Audubon Shortening Cakes

  • 1 1/2 cups shortening (Crisco is fine)
  • 3/4 cups nut butter (any kind – peanut, almond, cashew etc)
  • 3 1/2 cups bird seed
  • 1 cup quick oats
  • 1/2 cups corn meal
  1. In a bowl mix the dry ingredients (seed, oats, corn meal).
  2. In a separate bowl mix the wet ingredients (nut butter and shortening), stir well until thoroughly mixed.
  3. Stir the dry ingredients into wet.
  4. Spoon the mixture into your container of choice. Freeze for two hours, then it’s ready to use. Keep unused portions frozen.

Hard Peanut Butter Suet

  • 1 cup crunchy peanut butter
  • 2 cups quick-cook oats
  • 2 cups cornmeal
  • 1 1/2 cups lard
  • 1 cup white flour
  • optional: sprinkle in chopped mixed nuts

Melt peanut butter and lard together on low heat, once mixed add the other ingredients and mix till blended. Spoon into a cake pan or mold of your choice. Freeze for an hour. Store excess in freezer.


The Double-Up Method

This method uses some store-bought suet cakes, and bulks them up to double or even triple your original amount. Great way to buy the cheapest suet cakes that may look a little lackluster, and turn them into something the birds will really love.

  1. In a large pot or kettle, melt down about 2 1/2 cups of shortening/Crisco (low heat)
  2. Once fully melted add in 4-8 purchased suet cakes. Use a plain suet cake or one with minimal ingredients.
  3. After all that is melted, keep the pot on the stove but turn the heat off.  Bulk up your brew by mixing in any other desired ingredients. I recommend cornmeal, peanut butter, sunflower seeds / birdseed mix and peanuts. Any amounts you want, it’s your creation!
  4. Stir together well, then scoop into your containers and set in the fridge. Reuse the plastic suet cake containers or use some Tupperware or a large cake pan that can be cut into squares later.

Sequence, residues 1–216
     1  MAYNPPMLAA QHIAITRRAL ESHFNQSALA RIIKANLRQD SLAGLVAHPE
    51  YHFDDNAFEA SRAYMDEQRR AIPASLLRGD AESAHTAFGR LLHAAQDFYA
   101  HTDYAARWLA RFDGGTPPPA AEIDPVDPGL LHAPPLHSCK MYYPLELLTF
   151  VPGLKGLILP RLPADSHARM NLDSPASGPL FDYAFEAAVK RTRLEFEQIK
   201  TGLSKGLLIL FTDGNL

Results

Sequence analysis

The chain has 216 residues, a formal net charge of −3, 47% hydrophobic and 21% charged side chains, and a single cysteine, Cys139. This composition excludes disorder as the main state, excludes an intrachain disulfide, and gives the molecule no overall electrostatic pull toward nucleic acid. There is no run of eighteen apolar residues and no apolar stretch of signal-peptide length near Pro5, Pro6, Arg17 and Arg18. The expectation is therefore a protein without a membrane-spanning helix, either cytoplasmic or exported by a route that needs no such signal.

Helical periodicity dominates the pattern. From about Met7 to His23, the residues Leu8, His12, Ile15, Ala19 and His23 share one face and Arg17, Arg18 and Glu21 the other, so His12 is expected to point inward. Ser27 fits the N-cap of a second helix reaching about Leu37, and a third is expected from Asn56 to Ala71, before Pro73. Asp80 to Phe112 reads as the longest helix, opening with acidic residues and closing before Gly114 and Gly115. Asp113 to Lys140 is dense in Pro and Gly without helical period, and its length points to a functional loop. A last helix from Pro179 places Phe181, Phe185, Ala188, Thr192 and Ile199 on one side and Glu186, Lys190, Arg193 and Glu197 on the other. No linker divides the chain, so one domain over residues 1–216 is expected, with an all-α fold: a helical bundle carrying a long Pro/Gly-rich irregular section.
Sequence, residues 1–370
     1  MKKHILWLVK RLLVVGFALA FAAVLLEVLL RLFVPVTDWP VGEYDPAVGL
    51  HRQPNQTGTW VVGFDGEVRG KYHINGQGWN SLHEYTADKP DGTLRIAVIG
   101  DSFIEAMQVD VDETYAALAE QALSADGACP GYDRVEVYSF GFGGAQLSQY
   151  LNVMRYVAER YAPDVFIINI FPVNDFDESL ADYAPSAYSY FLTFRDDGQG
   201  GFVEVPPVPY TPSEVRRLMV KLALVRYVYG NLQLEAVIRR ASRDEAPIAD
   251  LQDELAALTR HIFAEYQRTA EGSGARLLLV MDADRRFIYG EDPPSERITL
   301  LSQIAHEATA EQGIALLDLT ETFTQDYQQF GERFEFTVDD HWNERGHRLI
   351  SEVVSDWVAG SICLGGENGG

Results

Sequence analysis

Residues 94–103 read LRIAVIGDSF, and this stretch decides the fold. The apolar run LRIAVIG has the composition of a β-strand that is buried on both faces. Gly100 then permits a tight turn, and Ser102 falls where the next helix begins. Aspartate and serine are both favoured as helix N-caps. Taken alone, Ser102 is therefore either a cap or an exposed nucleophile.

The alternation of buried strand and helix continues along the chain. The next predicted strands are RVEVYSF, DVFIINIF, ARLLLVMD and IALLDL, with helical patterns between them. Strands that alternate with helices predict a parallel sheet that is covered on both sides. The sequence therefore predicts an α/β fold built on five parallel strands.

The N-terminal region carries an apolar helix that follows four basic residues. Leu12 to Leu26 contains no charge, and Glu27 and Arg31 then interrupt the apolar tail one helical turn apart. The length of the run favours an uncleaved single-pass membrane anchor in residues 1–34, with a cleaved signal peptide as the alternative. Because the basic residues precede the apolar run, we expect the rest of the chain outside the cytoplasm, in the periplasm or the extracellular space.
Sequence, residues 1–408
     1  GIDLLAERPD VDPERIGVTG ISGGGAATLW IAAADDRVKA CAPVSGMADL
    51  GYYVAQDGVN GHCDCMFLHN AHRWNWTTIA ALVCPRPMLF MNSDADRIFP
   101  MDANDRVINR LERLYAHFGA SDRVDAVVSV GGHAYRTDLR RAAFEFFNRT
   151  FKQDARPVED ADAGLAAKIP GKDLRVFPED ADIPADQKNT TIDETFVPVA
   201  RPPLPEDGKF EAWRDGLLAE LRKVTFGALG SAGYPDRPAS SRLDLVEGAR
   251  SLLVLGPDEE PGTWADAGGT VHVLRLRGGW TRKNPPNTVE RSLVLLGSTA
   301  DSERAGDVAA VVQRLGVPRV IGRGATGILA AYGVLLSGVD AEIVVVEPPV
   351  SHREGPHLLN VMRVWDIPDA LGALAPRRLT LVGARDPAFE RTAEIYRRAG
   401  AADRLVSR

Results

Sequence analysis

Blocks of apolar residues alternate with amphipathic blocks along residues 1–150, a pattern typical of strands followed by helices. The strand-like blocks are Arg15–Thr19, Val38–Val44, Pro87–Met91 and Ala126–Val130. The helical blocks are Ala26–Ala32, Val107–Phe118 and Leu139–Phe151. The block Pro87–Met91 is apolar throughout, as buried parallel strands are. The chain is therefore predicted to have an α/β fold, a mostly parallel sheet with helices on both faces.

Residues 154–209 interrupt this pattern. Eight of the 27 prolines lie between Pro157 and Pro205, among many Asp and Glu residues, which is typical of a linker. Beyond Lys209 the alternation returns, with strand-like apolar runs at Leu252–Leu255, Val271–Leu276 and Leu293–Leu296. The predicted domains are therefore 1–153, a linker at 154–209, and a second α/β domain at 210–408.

Boom, now those crappy 5 cakes from the store turned into 10 or more cakes loaded with goodies.


Stokes Suet Paste

This recipe is super easy, no cooking required, and you can get creative and use it in a number of ways.

  • 1 part peanut butter
  • 1 part Crisco or similar vegetable shortening
  • 3 parts yellow cornmeal
  • 1 part white or whole wheat flour
  • 1 part finely cracked corn

Mix all ingredients in a blender or food processor. If too sticky add more cornmeal or flour until you reach desired firmness. Keep refrigerated.

Make your own log feeder (flickr/grandmapearl/ CC BY-SA 2.0)

Ways to use suet paste:

  • Smear on tree branches or tree trunks
  • Create a pinecone feeder. Wrap a string or thin metal wire around a pinecone to hang. Spoon the paste into the pinecone crevices and voila! You can also coat the outside of the pinecone and then roll in some birdseed.
  • Create a natural log feeder. Using a nice section of log with bark still intact, rig it to hang and drill some 1-inch deep holes. Spoon suet paste into the holes.
About Melanie

Melanie has been a birding hobbyist for years and loves feeding and photographing birds of all types.